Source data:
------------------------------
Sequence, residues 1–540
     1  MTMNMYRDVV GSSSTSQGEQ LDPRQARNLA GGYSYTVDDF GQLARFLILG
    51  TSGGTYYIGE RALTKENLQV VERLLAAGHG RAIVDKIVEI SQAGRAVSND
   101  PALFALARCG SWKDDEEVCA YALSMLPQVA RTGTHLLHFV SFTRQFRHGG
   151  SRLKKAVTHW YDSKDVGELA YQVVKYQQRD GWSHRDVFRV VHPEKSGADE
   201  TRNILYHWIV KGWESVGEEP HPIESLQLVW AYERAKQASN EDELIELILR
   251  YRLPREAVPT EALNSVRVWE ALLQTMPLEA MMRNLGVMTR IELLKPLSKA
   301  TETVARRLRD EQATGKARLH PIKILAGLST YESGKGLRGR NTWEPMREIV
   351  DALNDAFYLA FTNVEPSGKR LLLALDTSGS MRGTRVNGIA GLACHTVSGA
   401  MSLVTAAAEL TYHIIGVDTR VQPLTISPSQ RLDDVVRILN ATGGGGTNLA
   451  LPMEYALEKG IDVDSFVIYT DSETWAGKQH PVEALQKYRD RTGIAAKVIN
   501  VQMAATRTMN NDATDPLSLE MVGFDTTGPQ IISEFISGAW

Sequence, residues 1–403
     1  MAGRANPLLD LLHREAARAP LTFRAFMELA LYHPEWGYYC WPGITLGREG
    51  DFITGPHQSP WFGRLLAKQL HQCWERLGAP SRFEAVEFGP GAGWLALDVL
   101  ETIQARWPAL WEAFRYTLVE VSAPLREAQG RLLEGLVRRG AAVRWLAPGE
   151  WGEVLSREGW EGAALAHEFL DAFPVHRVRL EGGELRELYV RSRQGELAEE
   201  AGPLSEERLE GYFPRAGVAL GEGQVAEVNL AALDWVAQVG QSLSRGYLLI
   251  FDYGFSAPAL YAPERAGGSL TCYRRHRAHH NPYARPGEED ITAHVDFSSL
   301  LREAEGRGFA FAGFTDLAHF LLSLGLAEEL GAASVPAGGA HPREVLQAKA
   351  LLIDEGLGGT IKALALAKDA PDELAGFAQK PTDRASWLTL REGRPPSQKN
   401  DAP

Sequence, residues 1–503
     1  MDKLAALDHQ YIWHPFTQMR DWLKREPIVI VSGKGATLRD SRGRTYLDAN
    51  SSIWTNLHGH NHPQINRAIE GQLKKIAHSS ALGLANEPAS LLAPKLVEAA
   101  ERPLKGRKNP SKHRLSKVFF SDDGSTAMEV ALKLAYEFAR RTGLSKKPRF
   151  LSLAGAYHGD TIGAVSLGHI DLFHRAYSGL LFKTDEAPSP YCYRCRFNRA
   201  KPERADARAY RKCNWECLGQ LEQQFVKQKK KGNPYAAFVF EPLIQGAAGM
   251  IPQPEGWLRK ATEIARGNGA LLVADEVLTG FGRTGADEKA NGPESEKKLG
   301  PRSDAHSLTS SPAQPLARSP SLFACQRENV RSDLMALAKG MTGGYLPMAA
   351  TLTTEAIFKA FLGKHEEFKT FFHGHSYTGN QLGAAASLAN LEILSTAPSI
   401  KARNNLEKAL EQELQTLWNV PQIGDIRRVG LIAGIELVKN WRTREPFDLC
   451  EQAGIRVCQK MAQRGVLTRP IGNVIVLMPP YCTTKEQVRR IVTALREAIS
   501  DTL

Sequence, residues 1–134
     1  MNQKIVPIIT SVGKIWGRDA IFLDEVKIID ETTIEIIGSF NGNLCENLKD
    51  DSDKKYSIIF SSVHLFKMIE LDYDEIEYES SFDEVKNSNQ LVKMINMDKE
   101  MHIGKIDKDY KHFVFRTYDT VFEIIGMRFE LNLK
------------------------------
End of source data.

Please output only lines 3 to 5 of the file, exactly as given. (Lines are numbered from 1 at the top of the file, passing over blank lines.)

    51  TSGGTYYIGE RALTKENLQV VERLLAAGHG RAIVDKIVEI SQAGRAVSND
   101  PALFALARCG SWKDDEEVCA YALSMLPQVA RTGTHLLHFV SFTRQFRHGG
   151  SRLKKAVTHW YDSKDVGELA YQVVKYQQRD GWSHRDVFRV VHPEKSGADE